2016 is shaping up to be a year of surprises: GRESB has promised to overhaul 20% of its forthcoming Survey versus 2015, while CDP introduced major changes to both its methodology and its business model. Here’s a deeper dive into the changes and what they mean for you.
To understand the upcoming changes to GRESB, you’ll have to think in three dimensions:
- Questions In 2015 GRESB had 50 different lead-in or “Parent” questions. Your answer to a Parent question often unlocked follow-on “Child” questions. This dynamic, lead-led question structure meant GRESB actually contained over a hundred question permutations. Applying GRESB’s stated 20% face lift, we can assume 8-10 new/altered Parent-level questions in the 2016 Survey, potentially impacting dozens of total points. This is no small change. If questions favorable to you are dropped, or adverse questions added, you may be in for a sizable score shift.
- Scoring The vast majority of GRESB is qualitative in nature (though the quantitative pieces will take well over half your time). A mixture of automated and human grading awards/denies points using a rubric. Changes to this rubric are not captured in the 20% change to GRESB’s question structure. But, if any changes are made to weightings, point totals, or the criteria for awarding points, the impact could be far more consequential in determining your score than changes to the Survey questions alone.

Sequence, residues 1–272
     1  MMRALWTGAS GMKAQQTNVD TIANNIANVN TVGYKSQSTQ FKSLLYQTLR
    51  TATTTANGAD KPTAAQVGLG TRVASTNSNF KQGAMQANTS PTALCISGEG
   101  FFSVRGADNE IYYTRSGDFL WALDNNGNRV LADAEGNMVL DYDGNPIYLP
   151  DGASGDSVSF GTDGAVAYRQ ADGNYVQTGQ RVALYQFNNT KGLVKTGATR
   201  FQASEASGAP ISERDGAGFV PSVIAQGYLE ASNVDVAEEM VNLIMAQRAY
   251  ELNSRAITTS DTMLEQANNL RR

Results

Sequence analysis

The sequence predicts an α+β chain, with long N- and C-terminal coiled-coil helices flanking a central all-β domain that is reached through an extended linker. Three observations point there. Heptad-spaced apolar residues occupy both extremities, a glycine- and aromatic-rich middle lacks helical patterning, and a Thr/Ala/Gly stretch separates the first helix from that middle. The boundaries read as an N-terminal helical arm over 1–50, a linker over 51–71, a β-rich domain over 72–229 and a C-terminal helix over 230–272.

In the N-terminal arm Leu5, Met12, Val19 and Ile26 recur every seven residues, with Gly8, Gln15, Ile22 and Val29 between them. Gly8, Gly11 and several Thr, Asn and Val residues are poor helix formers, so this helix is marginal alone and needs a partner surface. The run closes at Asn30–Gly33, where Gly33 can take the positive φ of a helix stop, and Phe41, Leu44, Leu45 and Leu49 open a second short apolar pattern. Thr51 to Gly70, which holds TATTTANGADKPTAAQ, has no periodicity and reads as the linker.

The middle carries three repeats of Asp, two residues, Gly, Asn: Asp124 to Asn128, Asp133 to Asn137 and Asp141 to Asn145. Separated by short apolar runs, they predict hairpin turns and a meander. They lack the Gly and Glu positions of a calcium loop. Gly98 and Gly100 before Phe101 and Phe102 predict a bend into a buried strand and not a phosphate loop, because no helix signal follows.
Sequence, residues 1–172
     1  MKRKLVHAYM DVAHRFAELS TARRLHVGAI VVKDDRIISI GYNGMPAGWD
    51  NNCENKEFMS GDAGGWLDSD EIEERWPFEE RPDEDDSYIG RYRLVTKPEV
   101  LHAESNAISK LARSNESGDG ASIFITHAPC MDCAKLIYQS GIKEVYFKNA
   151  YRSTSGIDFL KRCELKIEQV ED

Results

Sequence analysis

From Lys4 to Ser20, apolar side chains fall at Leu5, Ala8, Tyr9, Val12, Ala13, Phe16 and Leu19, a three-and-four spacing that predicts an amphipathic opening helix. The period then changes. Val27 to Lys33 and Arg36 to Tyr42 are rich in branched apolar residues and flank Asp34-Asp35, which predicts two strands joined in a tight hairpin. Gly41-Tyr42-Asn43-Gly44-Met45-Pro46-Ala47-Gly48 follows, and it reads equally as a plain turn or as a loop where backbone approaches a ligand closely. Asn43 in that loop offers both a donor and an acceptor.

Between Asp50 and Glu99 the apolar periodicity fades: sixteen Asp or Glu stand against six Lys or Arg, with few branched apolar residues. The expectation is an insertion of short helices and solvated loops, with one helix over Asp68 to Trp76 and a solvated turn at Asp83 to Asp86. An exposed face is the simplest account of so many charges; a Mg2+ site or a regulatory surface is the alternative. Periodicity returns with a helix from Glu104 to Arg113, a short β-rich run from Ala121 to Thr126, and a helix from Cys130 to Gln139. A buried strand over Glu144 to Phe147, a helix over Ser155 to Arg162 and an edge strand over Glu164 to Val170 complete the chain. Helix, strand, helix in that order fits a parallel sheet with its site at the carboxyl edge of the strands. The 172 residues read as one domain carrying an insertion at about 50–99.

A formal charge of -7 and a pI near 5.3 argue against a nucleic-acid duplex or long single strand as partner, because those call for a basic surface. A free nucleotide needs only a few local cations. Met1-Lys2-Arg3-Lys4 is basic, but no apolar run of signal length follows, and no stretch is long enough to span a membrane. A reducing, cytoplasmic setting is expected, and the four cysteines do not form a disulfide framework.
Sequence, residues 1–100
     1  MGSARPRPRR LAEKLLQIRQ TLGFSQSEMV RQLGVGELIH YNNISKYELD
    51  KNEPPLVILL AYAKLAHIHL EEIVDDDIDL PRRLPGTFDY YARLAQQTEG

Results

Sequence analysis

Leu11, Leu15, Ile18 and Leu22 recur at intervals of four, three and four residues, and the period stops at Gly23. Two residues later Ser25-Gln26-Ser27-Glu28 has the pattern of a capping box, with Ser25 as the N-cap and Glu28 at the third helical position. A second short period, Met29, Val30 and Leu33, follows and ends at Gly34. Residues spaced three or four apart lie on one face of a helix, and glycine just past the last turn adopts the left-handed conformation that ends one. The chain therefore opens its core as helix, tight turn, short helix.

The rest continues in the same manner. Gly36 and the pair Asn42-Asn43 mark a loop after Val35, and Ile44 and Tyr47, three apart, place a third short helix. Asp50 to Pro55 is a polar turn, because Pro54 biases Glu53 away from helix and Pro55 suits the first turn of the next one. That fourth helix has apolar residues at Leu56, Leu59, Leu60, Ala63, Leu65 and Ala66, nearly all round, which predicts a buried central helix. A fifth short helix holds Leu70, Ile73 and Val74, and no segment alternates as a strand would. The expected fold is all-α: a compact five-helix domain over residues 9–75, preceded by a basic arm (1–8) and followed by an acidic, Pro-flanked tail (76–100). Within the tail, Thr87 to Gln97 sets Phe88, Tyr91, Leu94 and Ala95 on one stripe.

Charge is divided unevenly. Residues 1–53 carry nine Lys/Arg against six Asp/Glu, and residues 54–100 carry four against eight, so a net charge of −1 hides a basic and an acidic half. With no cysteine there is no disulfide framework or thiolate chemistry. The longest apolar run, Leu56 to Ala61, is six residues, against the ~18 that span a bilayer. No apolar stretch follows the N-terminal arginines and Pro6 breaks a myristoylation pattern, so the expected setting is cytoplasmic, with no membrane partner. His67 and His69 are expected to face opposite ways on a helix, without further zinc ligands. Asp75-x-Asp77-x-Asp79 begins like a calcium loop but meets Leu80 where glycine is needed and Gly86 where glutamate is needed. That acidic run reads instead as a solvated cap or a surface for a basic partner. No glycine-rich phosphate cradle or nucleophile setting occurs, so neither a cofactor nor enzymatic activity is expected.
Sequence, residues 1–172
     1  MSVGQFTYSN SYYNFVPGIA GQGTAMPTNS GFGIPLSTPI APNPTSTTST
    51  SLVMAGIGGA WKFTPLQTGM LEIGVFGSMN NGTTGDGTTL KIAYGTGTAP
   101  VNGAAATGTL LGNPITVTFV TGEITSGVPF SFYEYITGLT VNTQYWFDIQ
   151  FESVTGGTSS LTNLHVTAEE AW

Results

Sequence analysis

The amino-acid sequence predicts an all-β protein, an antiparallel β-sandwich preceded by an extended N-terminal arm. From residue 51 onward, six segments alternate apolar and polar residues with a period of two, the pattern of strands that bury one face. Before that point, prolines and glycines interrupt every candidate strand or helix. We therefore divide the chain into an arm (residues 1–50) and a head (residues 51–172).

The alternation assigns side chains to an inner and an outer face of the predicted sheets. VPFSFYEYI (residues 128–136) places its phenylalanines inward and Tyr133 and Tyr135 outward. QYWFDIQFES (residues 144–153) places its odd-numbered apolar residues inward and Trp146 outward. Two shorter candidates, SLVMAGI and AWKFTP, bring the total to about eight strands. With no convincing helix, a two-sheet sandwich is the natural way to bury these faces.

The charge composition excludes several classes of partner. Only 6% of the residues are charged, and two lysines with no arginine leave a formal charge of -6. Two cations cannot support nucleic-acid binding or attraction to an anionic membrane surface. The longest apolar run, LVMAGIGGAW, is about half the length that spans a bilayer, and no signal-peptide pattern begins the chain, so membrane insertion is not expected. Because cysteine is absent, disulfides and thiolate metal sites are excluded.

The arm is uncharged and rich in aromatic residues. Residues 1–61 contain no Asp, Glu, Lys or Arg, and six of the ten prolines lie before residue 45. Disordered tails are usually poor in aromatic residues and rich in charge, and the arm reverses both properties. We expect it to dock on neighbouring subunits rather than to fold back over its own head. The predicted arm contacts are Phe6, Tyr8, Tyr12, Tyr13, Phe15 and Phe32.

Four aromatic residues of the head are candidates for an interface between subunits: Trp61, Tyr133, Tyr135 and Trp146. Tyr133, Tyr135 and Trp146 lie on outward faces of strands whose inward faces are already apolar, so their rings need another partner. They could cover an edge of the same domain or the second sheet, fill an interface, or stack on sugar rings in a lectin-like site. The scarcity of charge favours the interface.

- Interpretation What’s an “asset”? Is it a single building, or multiple buildings combined into one campus? If a campus is reported to GRESB as one “asset”, does the LEED certification of one constituent building apply across the whole “asset”? How will you report an 80-20 office-retail asset? Is it 100% office, or will you break it out proportionally between both retail and office components? If the minority type is less than 25% of the asset, GRESB permits either approach. Will you report or exclude a joint ventured asset of which you own 24%? GRESB permits either approach. So if it’s a high performer, you’re better off including it. If it’s a poor performer, well… Does a single tenant have the greatest authority to introduce operational or environmental policies at an asset? Since there’s no objective test for this, particularly in a multi-tenant asset, you might categorize the asset as direct or indirectly managed. Your choice will fundamentally alter your peer group comparison. As you can see, the litany of judgement calls inherent in GRESB reporting has the compounding effect of reshaping your report, your peer group and, ultimately, your score. Multiply these interpretations across the entire GRESB cohort and you can see how one small Survey change can be like tugging on a thread…
The bottom line is this: approximately 20% of GRESB’s 2016 Survey will be different from 2015. Unaccounted for in that number are any changes to GRESB’s scoring rubric. Also unaccounted for are any revisions to the critical Guidance Document that accompanies GRESB. The sum result is that you need to be prepared for swings in your peer group and/or absolute score in 2016, even if little about your portfolio changed.
Survey methodology overhauls create a domino effect on scores. The result is a reshuffling of winners and losers on annual sustainability benchmarks.
Perhaps anticipating an elevated level of rigor in carbon accounting coming out of the UN Climate Convention in Paris, CDP is enforcing a new, “market-based” accounting methodology in its 2016 Survey. It’s a brain twister. Here’s the actual text from CDP’s new guidance: